Do Individual Directors Matter?

A fundamental question in corporate governance research is whether the board of directors affects firm value. Some argue that directors contribute no additional value to the firm and may even lower its value if they act only as a rubber stamp on the CEO’s decisions. However, the weight of evidence is that directors can increase value by, for example, using their experiences and connections to improve firm performance in specific settings.

Yet, largely absent from the literature is an investigation of whether individual directors possess unique characteristics that increase value, irrespective of which boards they sit on or the prevailing business conditions they face. The increasing scrutiny of board performance and the frequency with which lawyers and other professionals identify creativity, communication skills, integrity, and other soft skills as attributes of effective board members highlight the importance of filling this gap. That task is empirically challenging, however, because the very nature of these attributes makes them difficult for econometricians to quantify.

In a recent article, we overcome this limitation by creating a new measure of what we call director-specific quality (DSQ). DSQ captures any time-invariant, largely slow-moving, or previously learned value-relevant attributes of directors, and our analyses indicate DSQ explains 10 percent of the variation in firm value, which we capture with the ratio of a firm’s market value to its book value. While these director-specific attributes can reflect the usual observable traits that remain constant during a director’s tenure, such as early life and work experiences and gender, they also capture difficult-to-quantify characteristics that are transferable across firms and over time, such as critical thinking skills, grit, creativity, interpersonal skills, work ethic, and willingness to challenge management. In fact, while the customary director attributes often correlated with firm value, such as graduating from Ivy League schools, being diverse, and having prior managerial experience, are correlated with our estimates of DSQ, they explain less than 0.2 percent of variation in DSQ. Further, our estimates of DSQ capture the unique contribution of specific directors to firm value that is not contingent upon board interactions or particular settings.

In addition to showing that DSQ explains a nontrivial amount of the variation in firm value, we further validate whether DSQ captures transferable, director-specific, and value-relevant attributes by examining whether DSQ is correlated with other measures of value and director performance. We show that high DSQ directors receive more shareholder support during elections than low DSQ directors and are significantly less likely to receive less than 90 percent shareholder approval. We also document that the appointment of high DSQ directors tends to boost a company’s share price and that the death of high DSQ directors tends to lower it.

We also examine whether boards with higher average DSQ make decisions that increase firm value. Our findings suggest that high DSQ boards facilitate better decisions by helping set and ultimately approving a firm’s strategic direction, providing advice on potential acquisition targets, designing compensation packages that better align CEO incentives with shareholders’ interests, and preventing managers’ misuse of firm resources. Specifically, we find that companies whose boards have higher average DSQ scores make more value-increasing M&A deals, tie CEO compensation more closely to firm performance, produce more and higher quality innovation, and perform better as stewards of shareholder capital. During the COVID-19 pandemic, the stock returns of such companies were also relatively higher.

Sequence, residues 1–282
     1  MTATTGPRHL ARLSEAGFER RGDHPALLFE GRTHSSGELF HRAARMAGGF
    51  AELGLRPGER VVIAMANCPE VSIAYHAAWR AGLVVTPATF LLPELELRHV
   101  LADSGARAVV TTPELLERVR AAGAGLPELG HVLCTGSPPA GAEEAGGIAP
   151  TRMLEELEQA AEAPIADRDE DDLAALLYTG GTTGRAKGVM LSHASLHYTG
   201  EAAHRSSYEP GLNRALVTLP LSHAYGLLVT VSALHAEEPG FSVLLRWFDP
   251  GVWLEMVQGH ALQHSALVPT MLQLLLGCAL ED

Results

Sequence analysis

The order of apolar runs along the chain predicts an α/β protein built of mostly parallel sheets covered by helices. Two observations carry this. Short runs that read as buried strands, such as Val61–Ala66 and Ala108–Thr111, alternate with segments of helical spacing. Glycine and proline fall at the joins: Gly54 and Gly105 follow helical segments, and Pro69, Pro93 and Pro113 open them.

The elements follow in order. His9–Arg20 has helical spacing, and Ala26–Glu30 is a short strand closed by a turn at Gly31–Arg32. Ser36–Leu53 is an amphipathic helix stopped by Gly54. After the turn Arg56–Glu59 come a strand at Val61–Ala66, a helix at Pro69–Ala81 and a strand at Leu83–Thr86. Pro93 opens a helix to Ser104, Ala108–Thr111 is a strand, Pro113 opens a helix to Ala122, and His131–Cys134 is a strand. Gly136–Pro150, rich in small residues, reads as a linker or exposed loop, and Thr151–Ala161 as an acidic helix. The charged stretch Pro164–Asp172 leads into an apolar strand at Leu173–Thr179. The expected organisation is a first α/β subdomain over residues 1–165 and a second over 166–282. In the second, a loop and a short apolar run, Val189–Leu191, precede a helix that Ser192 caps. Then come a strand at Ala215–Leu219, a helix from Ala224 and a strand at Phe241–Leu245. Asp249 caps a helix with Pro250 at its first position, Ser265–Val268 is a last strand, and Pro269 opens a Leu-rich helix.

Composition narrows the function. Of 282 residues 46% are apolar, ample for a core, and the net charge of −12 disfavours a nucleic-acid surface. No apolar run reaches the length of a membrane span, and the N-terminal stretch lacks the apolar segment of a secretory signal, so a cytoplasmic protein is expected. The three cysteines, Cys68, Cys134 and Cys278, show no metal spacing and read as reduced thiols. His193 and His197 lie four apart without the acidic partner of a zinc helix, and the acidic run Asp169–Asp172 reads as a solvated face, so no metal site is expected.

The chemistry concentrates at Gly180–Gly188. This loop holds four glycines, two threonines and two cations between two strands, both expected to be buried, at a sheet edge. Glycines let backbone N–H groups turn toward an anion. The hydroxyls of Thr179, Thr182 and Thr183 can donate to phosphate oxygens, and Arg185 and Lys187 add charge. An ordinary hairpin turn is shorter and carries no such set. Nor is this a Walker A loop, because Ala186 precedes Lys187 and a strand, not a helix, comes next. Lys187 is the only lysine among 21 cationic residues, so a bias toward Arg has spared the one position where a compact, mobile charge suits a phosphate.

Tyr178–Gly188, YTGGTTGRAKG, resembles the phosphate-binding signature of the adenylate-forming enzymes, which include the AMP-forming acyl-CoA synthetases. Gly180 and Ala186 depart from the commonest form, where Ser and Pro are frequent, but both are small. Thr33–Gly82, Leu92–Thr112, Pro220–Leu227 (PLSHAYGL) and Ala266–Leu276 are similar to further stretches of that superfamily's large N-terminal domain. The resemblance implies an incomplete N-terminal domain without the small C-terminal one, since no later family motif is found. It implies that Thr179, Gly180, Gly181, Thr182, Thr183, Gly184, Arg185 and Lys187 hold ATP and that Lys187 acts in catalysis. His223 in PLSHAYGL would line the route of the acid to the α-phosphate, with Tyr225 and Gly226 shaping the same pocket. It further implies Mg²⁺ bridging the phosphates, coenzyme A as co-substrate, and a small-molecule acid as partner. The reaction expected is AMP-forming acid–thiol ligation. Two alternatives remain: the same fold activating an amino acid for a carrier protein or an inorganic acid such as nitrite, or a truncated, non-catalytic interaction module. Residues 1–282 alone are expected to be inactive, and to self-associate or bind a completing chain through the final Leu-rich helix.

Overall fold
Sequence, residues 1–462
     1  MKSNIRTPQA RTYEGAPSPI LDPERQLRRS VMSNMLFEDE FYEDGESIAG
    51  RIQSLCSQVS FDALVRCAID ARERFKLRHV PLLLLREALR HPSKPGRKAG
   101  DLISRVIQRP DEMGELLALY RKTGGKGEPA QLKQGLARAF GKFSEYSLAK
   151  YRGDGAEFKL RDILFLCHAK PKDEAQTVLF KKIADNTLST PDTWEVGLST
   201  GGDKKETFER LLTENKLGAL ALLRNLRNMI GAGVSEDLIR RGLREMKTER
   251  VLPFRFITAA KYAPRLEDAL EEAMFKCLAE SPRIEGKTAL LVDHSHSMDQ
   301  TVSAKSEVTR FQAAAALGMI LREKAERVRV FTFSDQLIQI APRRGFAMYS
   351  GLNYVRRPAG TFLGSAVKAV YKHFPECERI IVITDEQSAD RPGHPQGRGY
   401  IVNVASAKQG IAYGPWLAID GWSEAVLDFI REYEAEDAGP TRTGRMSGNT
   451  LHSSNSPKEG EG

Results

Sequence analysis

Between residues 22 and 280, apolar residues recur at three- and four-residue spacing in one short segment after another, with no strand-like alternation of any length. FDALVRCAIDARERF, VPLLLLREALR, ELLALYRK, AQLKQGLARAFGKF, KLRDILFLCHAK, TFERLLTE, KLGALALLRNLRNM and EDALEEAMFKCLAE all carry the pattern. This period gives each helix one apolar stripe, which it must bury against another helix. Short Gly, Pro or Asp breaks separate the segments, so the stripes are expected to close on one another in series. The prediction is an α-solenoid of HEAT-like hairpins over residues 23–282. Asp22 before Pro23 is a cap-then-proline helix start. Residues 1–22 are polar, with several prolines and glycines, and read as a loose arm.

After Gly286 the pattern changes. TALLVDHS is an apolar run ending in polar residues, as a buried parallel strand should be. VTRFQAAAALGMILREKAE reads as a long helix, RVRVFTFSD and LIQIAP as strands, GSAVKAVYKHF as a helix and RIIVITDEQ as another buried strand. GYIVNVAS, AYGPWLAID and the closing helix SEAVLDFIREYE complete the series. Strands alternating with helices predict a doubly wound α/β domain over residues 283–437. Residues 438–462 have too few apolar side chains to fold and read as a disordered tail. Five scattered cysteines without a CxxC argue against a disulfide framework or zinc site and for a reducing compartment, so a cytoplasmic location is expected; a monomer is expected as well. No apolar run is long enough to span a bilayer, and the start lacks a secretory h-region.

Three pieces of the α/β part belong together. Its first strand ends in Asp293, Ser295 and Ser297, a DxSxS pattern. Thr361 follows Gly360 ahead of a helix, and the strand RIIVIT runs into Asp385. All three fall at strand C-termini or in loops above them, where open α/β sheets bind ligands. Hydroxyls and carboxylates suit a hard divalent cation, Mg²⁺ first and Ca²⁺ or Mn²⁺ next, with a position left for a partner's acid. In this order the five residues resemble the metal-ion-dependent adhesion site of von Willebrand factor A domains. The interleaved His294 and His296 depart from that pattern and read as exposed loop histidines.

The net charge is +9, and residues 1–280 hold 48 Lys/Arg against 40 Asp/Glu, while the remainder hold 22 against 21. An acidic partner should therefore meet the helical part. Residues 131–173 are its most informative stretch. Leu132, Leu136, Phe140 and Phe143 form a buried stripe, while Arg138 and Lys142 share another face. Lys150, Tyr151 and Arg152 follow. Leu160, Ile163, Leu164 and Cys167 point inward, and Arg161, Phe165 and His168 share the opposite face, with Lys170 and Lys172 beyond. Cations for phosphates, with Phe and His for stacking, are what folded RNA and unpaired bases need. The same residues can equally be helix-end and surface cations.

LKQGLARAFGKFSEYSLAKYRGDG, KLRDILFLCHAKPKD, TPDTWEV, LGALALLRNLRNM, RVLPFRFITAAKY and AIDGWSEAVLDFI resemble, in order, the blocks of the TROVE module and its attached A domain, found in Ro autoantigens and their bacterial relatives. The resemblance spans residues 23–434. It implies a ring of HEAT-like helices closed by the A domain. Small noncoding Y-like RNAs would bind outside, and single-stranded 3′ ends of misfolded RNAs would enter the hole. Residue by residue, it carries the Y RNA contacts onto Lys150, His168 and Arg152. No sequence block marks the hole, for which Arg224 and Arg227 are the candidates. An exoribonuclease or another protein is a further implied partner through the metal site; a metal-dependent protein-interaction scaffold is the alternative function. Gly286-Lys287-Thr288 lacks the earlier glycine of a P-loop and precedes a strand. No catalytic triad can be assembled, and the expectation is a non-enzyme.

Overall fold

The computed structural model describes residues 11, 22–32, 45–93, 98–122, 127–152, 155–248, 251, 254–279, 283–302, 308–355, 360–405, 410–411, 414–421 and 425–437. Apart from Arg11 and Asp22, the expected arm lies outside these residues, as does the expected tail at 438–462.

Our study extends work examining the relevance of boards to firm value. We present a methodology that identifies value-relevant and director-specific effects that are transferable across firms and over time. These unique attributes are distinct from board structure or director traits associated with context-specific valuation effects found in existing studies. Importantly, DSQ is unique to the director, and therefore our findings have implications for the discussion on whether directors matter, what makes an effective board, and how boards should be structured. Our results suggesting that boards with higher average DSQ make better decisions imply that who is on the board matters maybe as much or even more than board structure – the focus of many governance studies. Our results suggest that director-specific skills other than easily quantifiable traits like gender or other time-varying traits may be important in aiding firms and shareholders in selecting directors who will strike the right balance between monitoring and advising and will build trust and promote productive discussions and good decision-making. Overall, our findings suggest that director-specific attributes are important drivers of value, are related to good decision-making, and should be considered when establishing and assessing policy.

This post comes to us from Dipesh Bhattarai, Matthew Serfling, and Tracie Woidtke at the University of Tennessee, Knoxville. It is based on their recent article, “Do Individual Directors Matter? Evidence of Director-Specific Quality,” available here.

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